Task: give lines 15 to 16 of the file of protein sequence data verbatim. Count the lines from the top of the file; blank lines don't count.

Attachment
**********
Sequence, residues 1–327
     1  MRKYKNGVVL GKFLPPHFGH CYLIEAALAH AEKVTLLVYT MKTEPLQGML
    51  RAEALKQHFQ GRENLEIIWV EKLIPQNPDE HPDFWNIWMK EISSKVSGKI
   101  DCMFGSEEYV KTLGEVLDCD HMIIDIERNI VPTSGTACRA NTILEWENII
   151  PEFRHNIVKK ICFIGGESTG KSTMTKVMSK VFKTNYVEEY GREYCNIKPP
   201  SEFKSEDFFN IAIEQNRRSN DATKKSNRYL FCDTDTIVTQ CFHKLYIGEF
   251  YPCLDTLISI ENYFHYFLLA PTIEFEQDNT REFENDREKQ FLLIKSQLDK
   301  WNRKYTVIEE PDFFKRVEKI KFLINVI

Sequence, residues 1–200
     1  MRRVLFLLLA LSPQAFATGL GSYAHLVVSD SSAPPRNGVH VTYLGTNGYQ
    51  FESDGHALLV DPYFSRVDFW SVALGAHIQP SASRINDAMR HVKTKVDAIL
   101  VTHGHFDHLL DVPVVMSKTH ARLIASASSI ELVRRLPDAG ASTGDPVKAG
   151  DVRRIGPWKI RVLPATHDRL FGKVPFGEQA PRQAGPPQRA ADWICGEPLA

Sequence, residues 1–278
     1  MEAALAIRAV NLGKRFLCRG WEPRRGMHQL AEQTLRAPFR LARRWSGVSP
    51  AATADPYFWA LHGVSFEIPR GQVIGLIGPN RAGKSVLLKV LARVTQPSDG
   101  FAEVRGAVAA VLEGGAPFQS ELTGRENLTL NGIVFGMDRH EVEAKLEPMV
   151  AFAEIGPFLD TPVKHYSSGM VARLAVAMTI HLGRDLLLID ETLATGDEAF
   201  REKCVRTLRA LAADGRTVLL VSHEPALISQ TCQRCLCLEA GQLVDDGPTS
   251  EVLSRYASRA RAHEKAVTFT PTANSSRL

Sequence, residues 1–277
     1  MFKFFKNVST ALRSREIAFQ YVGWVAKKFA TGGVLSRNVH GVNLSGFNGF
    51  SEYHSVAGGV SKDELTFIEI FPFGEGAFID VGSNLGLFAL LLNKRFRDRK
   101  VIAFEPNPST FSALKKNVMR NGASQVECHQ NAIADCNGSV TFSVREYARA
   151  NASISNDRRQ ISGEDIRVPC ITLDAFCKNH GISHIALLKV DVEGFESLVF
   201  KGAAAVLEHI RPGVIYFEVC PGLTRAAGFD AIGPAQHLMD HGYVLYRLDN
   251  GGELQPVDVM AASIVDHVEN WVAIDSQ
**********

     1  MEAALAIRAV NLGKRFLCRG WEPRRGMHQL AEQTLRAPFR LARRWSGVSP
    51  AATADPYFWA LHGVSFEIPR GQVIGLIGPN RAGKSVLLKV LARVTQPSDG